Dr Leroux’s work on this subject has been controversial. As you can imagine, he is considered a threat and an enemy by those whose claims to Indigenous identity he challenges in his scholarship. He is the only academic I know who has required security personnel at some of his lectures. I have feared for his safety! Thankfully, that is not the case here today, but undeniably, Dr Leroux’s work has been a major catalyst for a sensitive conversation that many people simply don’t want to have.

This book has also found a lot of support among Indigenous academics and communities, which is something that Amanda Reid, Elder Miigam’agan, and Emma Hassencahl-Perley will speak to shortly. The Mi’kmaw legal scholar Pam Palmater, Chair in Indigenous Governance at Ryerson University, says, “Distorted Descent is a brave, original piece of scholarship, offered in the context of a politically sensitive and socially controversial subject of Indigenous identity. His research exposes the extent to which white settler colonialism undermines Indigenous rights through the theft of Indigenous identity. It’s a real wake-up call.” Brenda MacDougall, Chair in Métis Research at the University of Ottawa, says, “This is a timely and important study highlighting Canada’s historical literacy about who Indigenous people really are which, coupled with an exponential growth in interest in genealogical research and DNA tests that trace your ancestry, has supported the claims of white-Canadians to Indigenous ancestry.”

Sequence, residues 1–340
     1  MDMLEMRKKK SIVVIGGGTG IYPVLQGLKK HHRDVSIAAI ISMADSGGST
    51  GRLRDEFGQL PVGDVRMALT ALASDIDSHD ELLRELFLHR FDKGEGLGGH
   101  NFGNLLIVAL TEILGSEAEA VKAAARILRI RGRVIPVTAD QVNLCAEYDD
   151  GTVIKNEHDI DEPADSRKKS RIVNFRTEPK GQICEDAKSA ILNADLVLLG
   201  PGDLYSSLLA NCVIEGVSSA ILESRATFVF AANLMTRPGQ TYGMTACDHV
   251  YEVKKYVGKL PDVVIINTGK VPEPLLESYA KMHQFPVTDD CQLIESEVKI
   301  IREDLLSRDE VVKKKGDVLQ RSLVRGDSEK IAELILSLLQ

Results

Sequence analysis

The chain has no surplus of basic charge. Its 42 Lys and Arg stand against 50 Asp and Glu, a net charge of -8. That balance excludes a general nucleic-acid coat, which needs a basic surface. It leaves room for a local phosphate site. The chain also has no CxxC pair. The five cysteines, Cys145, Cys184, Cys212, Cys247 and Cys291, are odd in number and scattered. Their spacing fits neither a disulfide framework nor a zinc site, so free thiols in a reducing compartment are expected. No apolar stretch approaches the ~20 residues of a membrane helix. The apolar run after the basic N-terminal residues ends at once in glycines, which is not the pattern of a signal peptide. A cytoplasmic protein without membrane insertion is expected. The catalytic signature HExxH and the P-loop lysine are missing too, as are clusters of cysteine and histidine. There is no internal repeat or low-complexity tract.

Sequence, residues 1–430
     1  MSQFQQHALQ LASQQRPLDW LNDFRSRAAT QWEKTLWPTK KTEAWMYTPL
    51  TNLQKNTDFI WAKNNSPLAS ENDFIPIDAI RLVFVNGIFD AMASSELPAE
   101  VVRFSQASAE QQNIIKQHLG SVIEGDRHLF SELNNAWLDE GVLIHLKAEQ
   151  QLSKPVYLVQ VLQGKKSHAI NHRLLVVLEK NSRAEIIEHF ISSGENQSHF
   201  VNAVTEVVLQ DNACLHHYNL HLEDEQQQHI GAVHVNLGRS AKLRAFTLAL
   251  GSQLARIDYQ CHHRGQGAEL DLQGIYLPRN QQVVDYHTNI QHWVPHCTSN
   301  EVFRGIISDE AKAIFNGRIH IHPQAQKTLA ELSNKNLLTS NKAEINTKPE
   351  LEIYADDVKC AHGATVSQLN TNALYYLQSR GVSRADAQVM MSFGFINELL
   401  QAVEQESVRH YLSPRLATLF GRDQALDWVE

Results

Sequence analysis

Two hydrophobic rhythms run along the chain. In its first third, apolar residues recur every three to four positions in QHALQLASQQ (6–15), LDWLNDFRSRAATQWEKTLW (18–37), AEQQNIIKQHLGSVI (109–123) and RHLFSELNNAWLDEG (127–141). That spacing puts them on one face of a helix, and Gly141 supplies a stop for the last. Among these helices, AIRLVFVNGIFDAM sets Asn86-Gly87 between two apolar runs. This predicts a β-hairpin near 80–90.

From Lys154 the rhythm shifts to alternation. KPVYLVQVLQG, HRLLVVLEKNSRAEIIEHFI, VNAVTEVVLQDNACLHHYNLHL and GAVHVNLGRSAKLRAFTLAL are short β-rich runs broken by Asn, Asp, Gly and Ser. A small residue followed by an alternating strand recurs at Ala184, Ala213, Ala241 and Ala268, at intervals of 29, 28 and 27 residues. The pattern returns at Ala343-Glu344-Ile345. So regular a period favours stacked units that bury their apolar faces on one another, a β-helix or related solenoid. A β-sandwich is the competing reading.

And so we are pleased to welcome Darryl today to this meeting place, this place where we are still very much in the process of finding more empathetic, meaningful, and intentional ways of sharing space. Settler Canadians are not always good at sharing, and we do not always make the time for difficult, challenging, or uncomfortable conversations – conversations that might actually change our behaviours or help us do a better job of honoring historical agreements. And so we are grateful for work that helps us better honor and protect the legacy of meeting on this land with respect and care for one another. Please join me in welcoming Darryl Leroux to campus.

Introductory remarks for The Outside Circle – September 26, 2017, Lorenzo Reading Series, University of New Brunswick (Saint John Campus)